How to Remove Tile Grout
Removing tile grout is remarkably easy, clean, and fast. This task, which you may have been dreading for months or even years, may take as little as an afternoon, depending on the size of the tile area. While you can do this job manually, you make the job considerably easier if you purchase an oscillating multi-tool and fit it with a grout removal blade. Using this handy tool, you can remove 15 square feet of grout on 4-by-4-inch tile in about one hour, and offers versatility to remove the grout and mortar by changing the attachments.
There are a few good reasons why you might want or need to remove old tile grout:
- The old grout might be moldy and beyond cleanable. In many cases, it is faster and easier to remove the grout than to clean it.
- The existing grout color is no longer pleasing to you, and you wish to change it. One way to change grout color is to colorize existing grout. But the more effective way is to use entirely new tinted grout.
- The grout is chipped and falling out. Patching in with new grout doesn't work well; it's better to remove everything and grout it again.
Click Play to Learn How to Remove Tile Grout
What You'll Need
Equipment / Tools
- Safety goggles
- Oscillating tool and grout removal blade
- Carbide tip grout removal tool
- Utility knife with a dull blade
- Shop vacuum
- Garbage bag
Grind Grout Straight On
Put on safety goggles to protect your eyes. Fit the oscillating tool with a blade designed for removing tile grout. Start by holding the tool horizontally (or vertically in the case of vertical seams), turning on the power, and lightly pressing the blade to the grout.
Let the power tool do the work; do not force it. The blade should easily chew through the grout. As you work, place only large chunks of grout in the garbage bag. You'll be able to vacuum up smaller pieces later.
Grind the Grout at an Angle
Once you have removed as much grout as possible by holding the tool horizontally, it is time to gently angle the blade to remove more grout. Work slowly and patiently to help ensure that you do not damage the edges of your tile.
One trick is to support your arm on a toolbox, so it does not get tired during the process. Or you can hold the tool primarily with your strong hand, then support the tool underneath with your other hand.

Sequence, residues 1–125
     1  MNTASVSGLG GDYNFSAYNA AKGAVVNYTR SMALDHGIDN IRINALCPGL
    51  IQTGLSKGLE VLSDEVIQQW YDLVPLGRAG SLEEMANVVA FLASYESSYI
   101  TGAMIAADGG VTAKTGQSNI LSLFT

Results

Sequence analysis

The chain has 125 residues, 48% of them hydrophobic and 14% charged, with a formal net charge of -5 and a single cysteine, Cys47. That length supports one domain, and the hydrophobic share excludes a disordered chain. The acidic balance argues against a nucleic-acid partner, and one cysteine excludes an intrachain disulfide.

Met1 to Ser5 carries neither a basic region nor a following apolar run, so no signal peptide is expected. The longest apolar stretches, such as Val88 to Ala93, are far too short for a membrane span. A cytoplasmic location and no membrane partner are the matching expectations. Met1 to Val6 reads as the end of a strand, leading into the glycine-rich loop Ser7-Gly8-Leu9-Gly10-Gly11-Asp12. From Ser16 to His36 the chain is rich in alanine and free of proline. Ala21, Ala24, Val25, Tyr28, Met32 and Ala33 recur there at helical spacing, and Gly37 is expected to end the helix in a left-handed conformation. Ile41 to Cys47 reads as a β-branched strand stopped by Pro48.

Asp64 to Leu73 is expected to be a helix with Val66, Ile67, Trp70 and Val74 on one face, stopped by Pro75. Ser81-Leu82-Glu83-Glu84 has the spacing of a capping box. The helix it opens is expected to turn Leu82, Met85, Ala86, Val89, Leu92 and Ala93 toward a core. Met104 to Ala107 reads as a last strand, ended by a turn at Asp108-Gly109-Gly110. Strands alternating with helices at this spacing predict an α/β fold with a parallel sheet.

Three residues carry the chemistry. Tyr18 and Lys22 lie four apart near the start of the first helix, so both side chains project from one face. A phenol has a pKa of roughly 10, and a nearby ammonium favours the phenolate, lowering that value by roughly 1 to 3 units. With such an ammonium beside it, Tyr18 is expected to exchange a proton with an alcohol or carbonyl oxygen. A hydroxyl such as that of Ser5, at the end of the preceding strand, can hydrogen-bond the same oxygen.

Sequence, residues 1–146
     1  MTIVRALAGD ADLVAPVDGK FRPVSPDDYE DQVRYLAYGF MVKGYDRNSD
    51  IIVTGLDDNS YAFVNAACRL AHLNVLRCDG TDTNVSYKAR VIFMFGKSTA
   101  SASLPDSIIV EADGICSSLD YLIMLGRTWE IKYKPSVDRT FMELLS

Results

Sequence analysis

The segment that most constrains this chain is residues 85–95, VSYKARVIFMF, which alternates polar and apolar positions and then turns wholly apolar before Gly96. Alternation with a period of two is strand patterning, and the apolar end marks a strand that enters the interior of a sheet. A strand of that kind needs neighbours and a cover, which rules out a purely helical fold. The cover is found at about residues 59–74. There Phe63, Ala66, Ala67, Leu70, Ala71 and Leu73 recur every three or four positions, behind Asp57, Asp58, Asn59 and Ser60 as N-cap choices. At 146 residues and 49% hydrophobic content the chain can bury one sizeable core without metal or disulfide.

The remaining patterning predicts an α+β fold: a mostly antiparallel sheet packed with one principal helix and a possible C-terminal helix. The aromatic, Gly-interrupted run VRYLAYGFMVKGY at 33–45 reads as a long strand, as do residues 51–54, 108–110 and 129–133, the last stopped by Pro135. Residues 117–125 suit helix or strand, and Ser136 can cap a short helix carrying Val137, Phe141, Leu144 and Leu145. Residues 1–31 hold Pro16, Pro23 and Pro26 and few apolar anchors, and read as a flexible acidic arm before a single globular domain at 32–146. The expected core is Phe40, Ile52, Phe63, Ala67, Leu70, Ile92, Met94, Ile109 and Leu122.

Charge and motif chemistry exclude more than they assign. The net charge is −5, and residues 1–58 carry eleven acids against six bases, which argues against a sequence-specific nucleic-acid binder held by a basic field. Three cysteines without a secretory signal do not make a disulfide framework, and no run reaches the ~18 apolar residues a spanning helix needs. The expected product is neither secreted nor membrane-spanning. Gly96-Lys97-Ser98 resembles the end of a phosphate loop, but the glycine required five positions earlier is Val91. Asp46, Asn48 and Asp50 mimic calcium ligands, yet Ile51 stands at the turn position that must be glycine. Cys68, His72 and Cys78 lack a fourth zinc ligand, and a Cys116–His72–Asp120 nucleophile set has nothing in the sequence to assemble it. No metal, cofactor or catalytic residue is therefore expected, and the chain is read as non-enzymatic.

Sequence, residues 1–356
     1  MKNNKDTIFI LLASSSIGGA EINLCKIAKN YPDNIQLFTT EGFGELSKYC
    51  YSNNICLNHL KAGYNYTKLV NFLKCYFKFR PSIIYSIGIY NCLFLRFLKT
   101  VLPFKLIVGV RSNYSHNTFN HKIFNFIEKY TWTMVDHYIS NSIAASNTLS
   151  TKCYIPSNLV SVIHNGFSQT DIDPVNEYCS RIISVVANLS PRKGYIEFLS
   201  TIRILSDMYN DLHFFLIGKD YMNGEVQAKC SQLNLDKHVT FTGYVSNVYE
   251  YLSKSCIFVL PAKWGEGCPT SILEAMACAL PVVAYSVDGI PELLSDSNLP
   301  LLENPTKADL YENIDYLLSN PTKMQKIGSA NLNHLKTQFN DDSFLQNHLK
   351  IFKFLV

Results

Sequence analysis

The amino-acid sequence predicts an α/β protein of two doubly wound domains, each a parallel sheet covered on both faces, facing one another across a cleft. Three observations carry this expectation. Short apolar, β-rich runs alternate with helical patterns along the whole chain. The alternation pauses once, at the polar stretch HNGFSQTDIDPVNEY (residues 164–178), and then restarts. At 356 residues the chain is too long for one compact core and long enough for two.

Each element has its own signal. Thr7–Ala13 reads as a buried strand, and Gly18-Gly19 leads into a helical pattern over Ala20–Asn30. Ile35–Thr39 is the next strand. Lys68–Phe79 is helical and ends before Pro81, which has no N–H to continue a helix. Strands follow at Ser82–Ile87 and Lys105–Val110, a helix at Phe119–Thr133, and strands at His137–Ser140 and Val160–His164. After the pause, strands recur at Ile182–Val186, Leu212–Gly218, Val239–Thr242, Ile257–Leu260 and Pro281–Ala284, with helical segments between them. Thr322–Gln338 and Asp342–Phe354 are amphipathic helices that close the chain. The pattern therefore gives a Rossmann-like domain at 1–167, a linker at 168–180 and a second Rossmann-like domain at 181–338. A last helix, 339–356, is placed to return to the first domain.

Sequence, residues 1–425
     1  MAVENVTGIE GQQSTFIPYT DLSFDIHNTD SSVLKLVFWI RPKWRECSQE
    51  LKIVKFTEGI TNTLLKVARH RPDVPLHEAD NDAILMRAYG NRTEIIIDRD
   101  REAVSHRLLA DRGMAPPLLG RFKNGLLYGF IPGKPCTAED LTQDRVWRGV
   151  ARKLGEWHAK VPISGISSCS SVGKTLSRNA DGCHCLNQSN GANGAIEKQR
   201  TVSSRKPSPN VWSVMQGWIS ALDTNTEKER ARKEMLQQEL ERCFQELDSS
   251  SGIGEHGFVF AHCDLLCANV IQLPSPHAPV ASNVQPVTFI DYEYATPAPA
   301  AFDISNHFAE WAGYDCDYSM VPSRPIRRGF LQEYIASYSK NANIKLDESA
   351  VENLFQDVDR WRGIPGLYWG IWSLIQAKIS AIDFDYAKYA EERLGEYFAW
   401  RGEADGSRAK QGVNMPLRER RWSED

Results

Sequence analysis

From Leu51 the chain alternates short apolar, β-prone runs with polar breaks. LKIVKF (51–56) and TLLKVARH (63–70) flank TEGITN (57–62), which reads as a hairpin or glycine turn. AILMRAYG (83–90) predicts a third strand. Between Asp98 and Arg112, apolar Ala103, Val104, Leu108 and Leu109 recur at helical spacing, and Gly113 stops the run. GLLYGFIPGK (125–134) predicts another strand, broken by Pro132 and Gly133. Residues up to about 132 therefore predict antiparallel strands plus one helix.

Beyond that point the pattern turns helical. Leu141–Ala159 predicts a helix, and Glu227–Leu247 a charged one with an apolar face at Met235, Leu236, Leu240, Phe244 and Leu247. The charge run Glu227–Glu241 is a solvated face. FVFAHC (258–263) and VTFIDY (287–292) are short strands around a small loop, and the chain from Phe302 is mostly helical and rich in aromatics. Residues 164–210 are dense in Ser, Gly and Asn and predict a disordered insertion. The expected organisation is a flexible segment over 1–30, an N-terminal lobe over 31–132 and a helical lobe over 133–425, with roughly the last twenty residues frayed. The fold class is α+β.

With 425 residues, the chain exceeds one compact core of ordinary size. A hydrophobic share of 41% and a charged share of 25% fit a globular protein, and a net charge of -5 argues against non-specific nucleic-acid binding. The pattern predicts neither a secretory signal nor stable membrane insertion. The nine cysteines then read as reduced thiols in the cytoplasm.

Scrape With a Carbide Tip Grout-Removal Tool
After you have done as much grout removal as possible with the power tool, your next line of attack is the small carbide tip grout-removal tool. The head will fit into the joints and allow you to scrape out stubborn chunks of grout. Do not try to remove every last bit; that is for the next step. Your intent is to knock out hunks that the oscillating tool may have loosened but not completely removed.
Clean up With a Utility Knife
If you are still finding bits of grout that will not come out, switch to a utility knife with a dull blade. You want a dull blade for several reasons: First, it makes no sense to use up a nice, sharp blade on tile grout. Use that sharp blade for something else first. Second, you do not want to risk snapping off the sharp point of the utility knife and getting injured.
Vacuum as You Go
Use a shop vacuum to frequently clean up the grout joints as you work. This helps you see what you are doing and helps pull loose material out of the joints. It also minimizes the mess in your work area. When you've finished removing the grout, give all of the joints a final pass with the vacuum to remove all loose debris.
Grout Removal Tips and Troubleshooting
- Make sure that you're using a masonry blade on the oscillating tool. Metal or wood blades are inappropriate and require more effort.
- For delicate tile areas, run a strip of painter's tape or electrical tape along the side of the tile seam to protect the tile.
- To protect the face of the tile, tape down cardboard.
- If you're able to remove the grout all the way down, that's good. But if you can only remove as far as 1/8-inch, that will work, too. When re-grouting you don't necessarily need to remove grout all the way down to the substrate.
- If you're using a battery-powered oscillating tool, you can incorporate water to hold down the dust. Lightly mist the tile surface with a spray bottle. For safety reasons, do not use water with a corded oscillating tool.
- If you're having a hard time seeing the work due to grout dust, turn on the shop vacuum and keep the nozzle next to the tile seam as you work. Be sure to equip the vacuum with a HEPA filter to avoid broadcasting grout dust throughout the house.